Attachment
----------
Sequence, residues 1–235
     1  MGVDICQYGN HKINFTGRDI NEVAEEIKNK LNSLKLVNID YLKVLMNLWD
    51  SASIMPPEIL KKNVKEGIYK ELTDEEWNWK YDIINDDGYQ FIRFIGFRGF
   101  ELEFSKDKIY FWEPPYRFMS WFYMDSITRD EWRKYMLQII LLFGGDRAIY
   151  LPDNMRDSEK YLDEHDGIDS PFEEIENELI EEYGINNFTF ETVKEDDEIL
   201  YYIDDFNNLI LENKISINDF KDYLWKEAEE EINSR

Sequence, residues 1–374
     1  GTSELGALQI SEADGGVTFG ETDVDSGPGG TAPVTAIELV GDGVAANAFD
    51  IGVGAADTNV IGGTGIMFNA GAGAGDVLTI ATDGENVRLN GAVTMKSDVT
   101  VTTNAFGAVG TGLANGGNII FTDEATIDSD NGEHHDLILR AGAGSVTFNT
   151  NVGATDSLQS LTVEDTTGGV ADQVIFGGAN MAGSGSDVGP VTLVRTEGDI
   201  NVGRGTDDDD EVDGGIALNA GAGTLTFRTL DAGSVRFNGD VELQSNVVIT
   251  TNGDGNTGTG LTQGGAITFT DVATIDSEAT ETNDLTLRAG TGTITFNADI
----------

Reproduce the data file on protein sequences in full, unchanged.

Sequence, residues 1–235
     1  MGVDICQYGN HKINFTGRDI NEVAEEIKNK LNSLKLVNID YLKVLMNLWD
    51  SASIMPPEIL KKNVKEGIYK ELTDEEWNWK YDIINDDGYQ FIRFIGFRGF
   101  ELEFSKDKIY FWEPPYRFMS WFYMDSITRD EWRKYMLQII LLFGGDRAIY
   151  LPDNMRDSEK YLDEHDGIDS PFEEIENELI EEYGINNFTF ETVKEDDEIL
   201  YYIDDFNNLI LENKISINDF KDYLWKEAEE EINSR

Sequence, residues 1–374
     1  GTSELGALQI SEADGGVTFG ETDVDSGPGG TAPVTAIELV GDGVAANAFD
    51  IGVGAADTNV IGGTGIMFNA GAGAGDVLTI ATDGENVRLN GAVTMKSDVT
   101  VTTNAFGAVG TGLANGGNII FTDEATIDSD NGEHHDLILR AGAGSVTFNT
   151  NVGATDSLQS LTVEDTTGGV ADQVIFGGAN MAGSGSDVGP VTLVRTEGDI
   201  NVGRGTDDDD EVDGGIALNA GAGTLTFRTL DAGSVRFNGD VELQSNVVIT
   251  TNGDGNTGTG LTQGGAITFT DVATIDSEAT ETNDLTLRAG TGTITFNADI